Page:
Cell phones are everywhere, of course, and it is a common sight to see people walking on the streets or crosswalks with phones to their ears or talking on ear phones who are oblivious to what is around them. Now, observe that by drivers in motor vehicles and you have a potential tragedy in the making. Most states ban some form of cell phone use, but only 14 states and the District of Columbia ban all use of handheld phones by everyone. Now, Massachusetts may join that select group.
Is there anyone over the age of 18 who has not heard the adage “speed kills?’ While this short phrase could easily refer to methamphetamine use, and it certainly does in many circles, most people associate it with speeding while driving.
We all know that wearing a seat belt saves lives and can minimize the risk of sustaining a serious injury in an auto accident. Despite this obvious and well-known fact, car accidents are the number one killer of children ages 3-14 in the US and many of these fatalities stem from lack of seat belt use as well as the improper restraining of children in child safety or booster seats.
Home pools and those at hotels or resorts are often the venue for summer parties and other social events where alcohol is often served. Inevitably, people become intoxicated at these parties and accidents can happen on the premises or on the roadway if an inebriated guest causes an injury accident while driving home. In such cases, there are laws that determine if the host of the event can be held civilly liable for your injuries.
Has the introduction of Uber into our towns and cities led to a reduction in drunk driving arrests and, consequently, alcohol-related injuries and fatalities? Perhaps, but the “jury” seems to be still out on this question.
Anyone who gets into a cab, Uber or Lyft may have some concern about the character of your driver. For example, did the company verify that the driver has a clean driving record, is not a sex offender or has a record of violent felony convictions? Furthermore, is there insurance if there is an accident?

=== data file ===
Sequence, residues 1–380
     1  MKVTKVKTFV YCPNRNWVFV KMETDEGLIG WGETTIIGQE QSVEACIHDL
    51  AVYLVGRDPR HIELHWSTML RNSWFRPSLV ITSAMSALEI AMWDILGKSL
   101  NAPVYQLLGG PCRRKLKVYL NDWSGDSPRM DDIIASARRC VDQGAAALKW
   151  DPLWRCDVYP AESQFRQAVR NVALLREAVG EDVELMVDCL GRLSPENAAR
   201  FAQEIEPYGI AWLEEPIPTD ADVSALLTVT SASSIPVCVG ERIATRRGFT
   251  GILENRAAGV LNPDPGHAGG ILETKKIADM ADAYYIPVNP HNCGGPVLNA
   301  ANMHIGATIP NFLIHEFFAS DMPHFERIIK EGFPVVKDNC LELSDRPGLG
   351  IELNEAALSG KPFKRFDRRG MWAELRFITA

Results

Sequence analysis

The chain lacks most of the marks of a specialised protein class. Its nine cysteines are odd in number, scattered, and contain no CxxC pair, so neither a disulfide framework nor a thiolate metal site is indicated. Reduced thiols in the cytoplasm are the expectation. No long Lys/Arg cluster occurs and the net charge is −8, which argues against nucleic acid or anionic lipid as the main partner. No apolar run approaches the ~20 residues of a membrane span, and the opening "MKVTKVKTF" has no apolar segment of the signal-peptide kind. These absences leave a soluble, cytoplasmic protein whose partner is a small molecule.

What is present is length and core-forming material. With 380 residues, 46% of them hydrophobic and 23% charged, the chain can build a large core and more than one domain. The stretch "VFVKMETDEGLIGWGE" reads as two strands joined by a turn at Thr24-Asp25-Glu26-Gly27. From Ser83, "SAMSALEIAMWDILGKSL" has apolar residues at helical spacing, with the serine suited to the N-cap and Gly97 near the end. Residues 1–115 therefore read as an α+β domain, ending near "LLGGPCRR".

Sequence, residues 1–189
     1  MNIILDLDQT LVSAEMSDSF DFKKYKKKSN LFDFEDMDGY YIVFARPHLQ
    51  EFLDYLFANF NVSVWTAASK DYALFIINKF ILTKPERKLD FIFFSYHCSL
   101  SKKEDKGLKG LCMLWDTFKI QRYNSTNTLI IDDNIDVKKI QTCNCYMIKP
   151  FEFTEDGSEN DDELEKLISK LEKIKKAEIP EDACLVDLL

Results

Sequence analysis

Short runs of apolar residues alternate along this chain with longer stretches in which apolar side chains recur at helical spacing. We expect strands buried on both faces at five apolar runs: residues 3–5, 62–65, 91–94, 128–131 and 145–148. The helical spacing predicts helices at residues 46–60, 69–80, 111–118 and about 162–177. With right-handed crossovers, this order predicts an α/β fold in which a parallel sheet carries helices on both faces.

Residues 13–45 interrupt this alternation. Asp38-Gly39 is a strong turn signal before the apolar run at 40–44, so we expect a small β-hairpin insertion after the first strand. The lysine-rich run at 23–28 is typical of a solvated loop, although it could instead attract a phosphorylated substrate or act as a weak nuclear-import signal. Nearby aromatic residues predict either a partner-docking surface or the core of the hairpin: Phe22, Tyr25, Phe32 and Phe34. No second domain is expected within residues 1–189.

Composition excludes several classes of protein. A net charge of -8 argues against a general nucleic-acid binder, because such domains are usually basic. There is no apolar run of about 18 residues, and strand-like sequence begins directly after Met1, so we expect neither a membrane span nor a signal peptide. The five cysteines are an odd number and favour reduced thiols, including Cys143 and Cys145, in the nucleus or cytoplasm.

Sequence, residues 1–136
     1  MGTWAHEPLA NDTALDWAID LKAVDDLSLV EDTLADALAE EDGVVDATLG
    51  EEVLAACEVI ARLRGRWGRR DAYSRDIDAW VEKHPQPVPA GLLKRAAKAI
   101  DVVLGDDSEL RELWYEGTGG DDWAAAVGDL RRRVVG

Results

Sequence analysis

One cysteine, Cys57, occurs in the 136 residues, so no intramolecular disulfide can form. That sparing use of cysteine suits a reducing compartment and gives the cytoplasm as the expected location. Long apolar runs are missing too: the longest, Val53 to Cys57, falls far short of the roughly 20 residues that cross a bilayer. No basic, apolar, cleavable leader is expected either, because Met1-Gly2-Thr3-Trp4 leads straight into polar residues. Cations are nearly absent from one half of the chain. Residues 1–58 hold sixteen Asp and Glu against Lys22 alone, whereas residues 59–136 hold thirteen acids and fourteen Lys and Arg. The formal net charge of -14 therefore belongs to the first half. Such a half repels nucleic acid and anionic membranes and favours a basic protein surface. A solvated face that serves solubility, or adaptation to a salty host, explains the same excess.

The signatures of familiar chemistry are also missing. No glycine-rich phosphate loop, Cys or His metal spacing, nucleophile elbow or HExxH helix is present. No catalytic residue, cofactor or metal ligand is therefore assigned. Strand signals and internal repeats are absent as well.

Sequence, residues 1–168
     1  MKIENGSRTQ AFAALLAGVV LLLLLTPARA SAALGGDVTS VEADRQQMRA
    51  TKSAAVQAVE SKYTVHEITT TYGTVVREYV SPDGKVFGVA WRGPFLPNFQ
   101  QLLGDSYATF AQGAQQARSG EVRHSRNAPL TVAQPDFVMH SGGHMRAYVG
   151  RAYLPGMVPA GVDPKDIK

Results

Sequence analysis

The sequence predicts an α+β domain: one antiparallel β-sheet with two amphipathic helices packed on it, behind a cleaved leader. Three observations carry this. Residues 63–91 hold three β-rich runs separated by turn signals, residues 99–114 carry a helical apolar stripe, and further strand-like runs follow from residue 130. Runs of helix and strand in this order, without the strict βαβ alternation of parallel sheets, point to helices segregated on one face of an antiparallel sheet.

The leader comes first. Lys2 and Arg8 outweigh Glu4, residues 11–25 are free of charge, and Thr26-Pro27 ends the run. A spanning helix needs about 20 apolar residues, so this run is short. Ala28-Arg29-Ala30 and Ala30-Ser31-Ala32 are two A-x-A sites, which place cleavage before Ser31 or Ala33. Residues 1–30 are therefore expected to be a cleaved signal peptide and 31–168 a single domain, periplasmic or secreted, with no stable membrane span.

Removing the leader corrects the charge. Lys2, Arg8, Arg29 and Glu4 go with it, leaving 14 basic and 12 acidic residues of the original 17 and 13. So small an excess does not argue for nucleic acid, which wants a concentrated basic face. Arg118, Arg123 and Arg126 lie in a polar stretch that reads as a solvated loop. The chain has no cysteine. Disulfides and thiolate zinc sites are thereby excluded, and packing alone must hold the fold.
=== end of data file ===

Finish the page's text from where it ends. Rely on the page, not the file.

Uber and Lyft conduct background checks as either required by the jurisdiction where they are operating or as part of their own policies. In most cases, they report that they will reject applicants with a DUI/DWI or who have a record as a sex offender or other violent offenses. However, their background checks only extend back 7 years.
It is no secret to anyone who uses a cell phone to text or read messages how focused you can be on that activity alone. Sit on a bus or in a coffee shop and you will likely see that over many people are ignoring their environment while scrolling through emails and text messages or sending them. Now transfer that to the act of driving. Read more
Motorcycle and truck accidents happen every day and occasionally both are involved in the same collision. Because motorcycle riders have little protection in any kind of collision, the consequences can be catastrophic or fatal.
In a recent motorcycle accident near Elgin, Illinois, a 25-year old man was killed when a semi-tractor trailer made a left turn in front of his bike. The family of the motorcycle driver has filed a wrongful death action against the truck driver alleging that the driver failed to yield by making a turn when it was unsafe to do so, failed to maintain control of his truck, failed to maintain a proper lookout and was proceeding too fast for the traffic conditions.
Many people are excited about the prospect of driverless or autonomous vehicles becoming commonplace on our roadways, eliminating the human factors that are responsible for causing 94% of all traffic accidents. A high percentage of accidents and injuries are caused by intoxication, distracted driving (smartphone use) and speeding. If you are in a driverless car, though, then it makes no difference how intoxicated you are or if you are focused exclusively on your smartphone. Also, your driverless car will not speed so that factor may be eliminated as well.
Texting is ubiquitous these days. People are doing it while driving, crossing the street, drinking coffee at Starbucks or while working. It is the latter case that can put employers at risk for liability if an employee’s negligence causes injury to a third person.
An unusual case in which an employer is being sued by a third person, or one who is not a co-worker of the negligent employee, occurred at a Wal-Mart two years ago and is being litigated now. The employee was allegedly texting on his phone while pushing a cart filled with boxes when he inadvertently ran into the plaintiff and injuring her. The victim’s complaints consisted of loss of motion of her neck and shoulders and continued post-concussive symptoms that includes short-term memory loss.